1. Phil Kessel-C USNDT
He simply didn't dominate as was expected, but the package of offensive talents can't be ignored. He's the best skater in the draft, and he has the best shot in the draft. His downsides are that he has more than a little prima donna to him, and his game at the WJC was rendered predictable by tight checking D men with size who don't bite on Kessel's outside-inside fakery.
Future impact: The bad news is he could plateau as a me-first selfish gunner ala Jeremy Roenick without the quick wit - which all things considered, isn't bad, but the good news is he has the talent to become a franchise calibre offensive force quickly. I see 50 goals a season in his future.
2. Jordan Staal-R Peterborough
The complete skill forward package, he's got the same genes for 'fear my wingspan' that his brother does at 6"4, he sees the ice well, and he has the smooth skating stride of a power winger. Rumours persist that Carolina will move Jack Johnson to the Penguins so that they can add Eric's little brother to the team. He's not the overwhelming skater that Kessel is, nor will he ever score goals at a similar clip, but Jordan should be a better playmaker, and team mate.
Future impact: 1st line playmaking winger ala Jason Allison before the concussions.
3. Bobby Ryan-Anaheim
A broad shouldered power forward with a quick release, and strong skating style, he's an offensive force and goal scorer in the making. A year older than the two prospects ahead of him, Ryan is also more likely to make his team, and have an impact sooner, but doesn't have the hype surrounding him that Kessel or Staal have going for them. The other concerns are two-fold, the first being that eternal question of whether he is on the Neely or May track - that is, whether he can develop and maintain an offensive touch in the bigs, and secondly, how long will we have to wait?(see: Bertuzzi, Iginla, Neely, etc. etc. for 'big man syndrome'). That all said, he's a tremendous talent in a good system with solid management and supporting perssonel in place (compared to say, St Louis), a gifted playmaker in future line-mate/prospect Corey Perry and his development isn't likely to be stunted by misuse or abuse.
Future impact: a bulldozer power forward in the mold of Bill Guerin and Brendan Shanahan.
4. Jonathon Toews-C North Dakota
An all-round offensive player, he lacks the upper gear of skating ability of Kessel, and doesn't have the size/genepool of a Jordan Staal, or the extra year of development like Ryan, and for me that is what keeps them as more attractive options, but otherwise there is nothing about Toews to sneeze at. Much of his movement up or down the list will depend on what NHL team he is selected by (Islanders=bad). He has better than average speed, playmaking and shot, he has great hockey sense, isn't afraid to be physical, and is responsible in his own end. Smart and affable, he also looks to be a solid citizen without head case baggage. All the scouting reports I've read remark on how well his game should translate to the next level as an offensive player.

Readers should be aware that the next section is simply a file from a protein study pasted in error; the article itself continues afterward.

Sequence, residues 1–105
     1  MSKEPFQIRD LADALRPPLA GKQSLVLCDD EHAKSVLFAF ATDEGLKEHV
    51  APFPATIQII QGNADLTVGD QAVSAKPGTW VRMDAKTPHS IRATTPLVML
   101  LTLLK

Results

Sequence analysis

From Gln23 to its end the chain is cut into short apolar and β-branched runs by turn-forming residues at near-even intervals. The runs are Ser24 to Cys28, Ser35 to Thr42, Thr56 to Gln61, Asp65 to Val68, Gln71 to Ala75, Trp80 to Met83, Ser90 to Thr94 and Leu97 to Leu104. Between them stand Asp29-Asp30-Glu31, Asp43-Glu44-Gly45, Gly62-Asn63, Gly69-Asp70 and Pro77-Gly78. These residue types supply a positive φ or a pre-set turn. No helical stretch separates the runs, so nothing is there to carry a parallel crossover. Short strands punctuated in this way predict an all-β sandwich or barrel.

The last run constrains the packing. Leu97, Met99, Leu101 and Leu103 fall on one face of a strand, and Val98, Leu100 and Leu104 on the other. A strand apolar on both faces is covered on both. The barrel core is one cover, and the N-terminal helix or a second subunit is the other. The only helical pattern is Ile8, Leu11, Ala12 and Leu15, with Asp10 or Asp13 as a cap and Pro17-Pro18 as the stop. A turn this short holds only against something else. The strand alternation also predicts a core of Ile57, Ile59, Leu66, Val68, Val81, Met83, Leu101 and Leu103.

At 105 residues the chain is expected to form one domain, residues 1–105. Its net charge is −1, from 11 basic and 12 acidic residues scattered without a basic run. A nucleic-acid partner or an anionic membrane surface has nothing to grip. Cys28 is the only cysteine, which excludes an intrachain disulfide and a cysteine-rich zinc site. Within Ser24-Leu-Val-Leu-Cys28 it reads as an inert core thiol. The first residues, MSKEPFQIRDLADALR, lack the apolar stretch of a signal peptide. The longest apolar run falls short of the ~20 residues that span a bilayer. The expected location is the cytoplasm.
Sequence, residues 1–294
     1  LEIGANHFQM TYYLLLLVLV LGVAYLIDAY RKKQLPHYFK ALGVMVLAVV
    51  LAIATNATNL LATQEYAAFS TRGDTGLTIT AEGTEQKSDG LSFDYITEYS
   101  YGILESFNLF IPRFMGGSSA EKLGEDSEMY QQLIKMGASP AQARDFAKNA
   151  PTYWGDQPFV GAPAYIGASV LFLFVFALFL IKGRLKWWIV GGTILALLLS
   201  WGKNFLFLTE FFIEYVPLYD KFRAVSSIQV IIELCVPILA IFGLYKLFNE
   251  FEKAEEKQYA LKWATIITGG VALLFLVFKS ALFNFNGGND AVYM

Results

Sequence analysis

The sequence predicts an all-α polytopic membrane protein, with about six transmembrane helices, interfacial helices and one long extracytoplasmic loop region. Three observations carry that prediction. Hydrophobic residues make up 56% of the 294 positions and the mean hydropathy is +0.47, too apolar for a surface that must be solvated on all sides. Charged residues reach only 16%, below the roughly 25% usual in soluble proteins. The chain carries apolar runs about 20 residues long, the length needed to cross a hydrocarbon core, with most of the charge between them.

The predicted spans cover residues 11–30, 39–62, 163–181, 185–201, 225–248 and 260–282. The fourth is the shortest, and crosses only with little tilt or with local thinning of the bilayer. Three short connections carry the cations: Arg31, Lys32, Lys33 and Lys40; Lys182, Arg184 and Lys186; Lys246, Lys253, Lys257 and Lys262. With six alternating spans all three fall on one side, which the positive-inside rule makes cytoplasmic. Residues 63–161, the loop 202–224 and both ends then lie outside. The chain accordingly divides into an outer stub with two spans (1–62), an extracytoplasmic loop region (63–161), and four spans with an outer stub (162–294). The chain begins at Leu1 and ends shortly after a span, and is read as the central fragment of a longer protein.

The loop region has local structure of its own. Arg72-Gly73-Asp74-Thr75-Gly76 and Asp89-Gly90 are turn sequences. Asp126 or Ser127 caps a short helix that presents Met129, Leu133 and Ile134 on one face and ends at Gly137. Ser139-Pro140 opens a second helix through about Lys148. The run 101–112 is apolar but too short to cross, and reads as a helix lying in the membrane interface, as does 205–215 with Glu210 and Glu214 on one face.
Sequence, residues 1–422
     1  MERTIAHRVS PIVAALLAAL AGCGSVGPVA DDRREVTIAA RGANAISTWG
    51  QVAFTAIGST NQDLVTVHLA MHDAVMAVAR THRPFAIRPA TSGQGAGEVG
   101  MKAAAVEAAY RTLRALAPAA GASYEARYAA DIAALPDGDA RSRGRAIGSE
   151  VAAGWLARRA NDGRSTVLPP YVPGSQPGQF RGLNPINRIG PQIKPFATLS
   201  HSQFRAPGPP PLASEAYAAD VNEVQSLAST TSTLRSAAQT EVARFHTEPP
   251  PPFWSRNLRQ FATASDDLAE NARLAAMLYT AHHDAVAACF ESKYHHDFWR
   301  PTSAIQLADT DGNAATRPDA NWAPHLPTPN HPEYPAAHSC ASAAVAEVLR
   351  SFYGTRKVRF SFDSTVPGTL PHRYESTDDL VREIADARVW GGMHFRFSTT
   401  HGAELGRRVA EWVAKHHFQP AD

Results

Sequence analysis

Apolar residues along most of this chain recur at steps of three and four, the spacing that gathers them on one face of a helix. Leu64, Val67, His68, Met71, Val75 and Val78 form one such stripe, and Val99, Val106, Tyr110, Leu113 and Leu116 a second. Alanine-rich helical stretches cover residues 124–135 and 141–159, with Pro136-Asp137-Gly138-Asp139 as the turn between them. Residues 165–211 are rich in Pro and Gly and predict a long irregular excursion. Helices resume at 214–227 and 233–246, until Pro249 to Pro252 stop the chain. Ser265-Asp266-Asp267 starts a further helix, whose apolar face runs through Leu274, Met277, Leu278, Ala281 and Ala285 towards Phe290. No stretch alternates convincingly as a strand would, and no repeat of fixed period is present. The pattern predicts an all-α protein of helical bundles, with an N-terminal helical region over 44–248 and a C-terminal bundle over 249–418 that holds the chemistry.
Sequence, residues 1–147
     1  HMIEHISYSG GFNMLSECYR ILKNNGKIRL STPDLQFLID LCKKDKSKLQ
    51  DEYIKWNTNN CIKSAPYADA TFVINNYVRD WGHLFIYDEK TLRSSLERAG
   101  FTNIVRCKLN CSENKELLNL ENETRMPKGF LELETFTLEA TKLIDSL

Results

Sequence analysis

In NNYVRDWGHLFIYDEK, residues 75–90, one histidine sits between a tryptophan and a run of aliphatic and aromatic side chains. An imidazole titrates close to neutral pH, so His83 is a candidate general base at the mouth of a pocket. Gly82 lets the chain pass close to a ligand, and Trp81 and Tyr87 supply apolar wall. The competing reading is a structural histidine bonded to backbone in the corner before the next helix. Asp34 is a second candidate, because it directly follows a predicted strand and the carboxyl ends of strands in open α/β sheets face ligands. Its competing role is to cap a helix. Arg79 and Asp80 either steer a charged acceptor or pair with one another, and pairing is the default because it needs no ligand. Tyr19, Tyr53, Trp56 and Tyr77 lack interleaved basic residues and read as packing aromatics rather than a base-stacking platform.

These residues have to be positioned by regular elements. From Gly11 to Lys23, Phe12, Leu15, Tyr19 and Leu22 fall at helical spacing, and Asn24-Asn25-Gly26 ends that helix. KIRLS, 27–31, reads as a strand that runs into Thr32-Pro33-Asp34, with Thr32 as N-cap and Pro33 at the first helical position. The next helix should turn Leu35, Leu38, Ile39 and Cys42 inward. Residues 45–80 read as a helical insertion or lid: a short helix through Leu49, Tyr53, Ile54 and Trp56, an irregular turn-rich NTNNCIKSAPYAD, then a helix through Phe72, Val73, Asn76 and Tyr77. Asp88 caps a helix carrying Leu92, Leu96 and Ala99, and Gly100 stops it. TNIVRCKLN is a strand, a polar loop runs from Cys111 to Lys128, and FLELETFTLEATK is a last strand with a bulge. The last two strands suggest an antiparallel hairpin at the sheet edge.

Future impact: There is some Brad Richards in Toews game. And some Boyd Devereaux.
5. Jack Johnson-D Car
A phyical two-way defenseman, J-Johnson is the clear front-runner as FUNHL D-man prospect. He's also got great defensive presence and a nasty streak to him, which will mean he should make the big club sooner rather than later, and then stick. His offense may not show itself for a few years while he acclimates, but he has all the tools to be a top 4 defenseman for many, many years. However, the fact he declined to leave school and join the depleted Carolina defense corps in their run to the Stanley Cup may mean that Carolina won't find it hard to move him (say for the #2 overall pick so they can take Jordan Staal and do the Brian-Burke-brothers-B-better dance).
Future impact: a Wade Redden class two-way defenseman with an edge.
6. Niklas Backstrom-C Swe
A gritty, dynamic two way forward with exceptional skating ability, and heady offensive skills, Backstrom will be a little further under the radar for most FUNHL teams because of our lack of exposure to him. At least one scout I checked out had him as the top rated forward ahead of Kessel, but in part that was because his defensive game was the most developed of all the prospects, and because Backstrom displayed a toughness that makes him a dream for real world GMs, but doesn't necessarily translate well into the pure offense realm of the FUNHL.
Future impact: A Peter Stastny style two-way pivot if it all works out.
7. Justin Pogge-G Leafs
A big solid netminder with exceptional positioning and mental game, he outperformed everybody's expectations the last two years, going from afterthought walk-on as a junior rookie, to out of the blue all-star in the Dub, to backstopping Canada's WJC team. He may lack the atheleticism of other goaltending prospects (Rask), but the package of size and smarts that he brings, as well as the opportunity he will have in Toronto to be a starter sooner rather than later, make him the top goaltender on my prospect draft board.
8. Michael Frolic-R/L Czech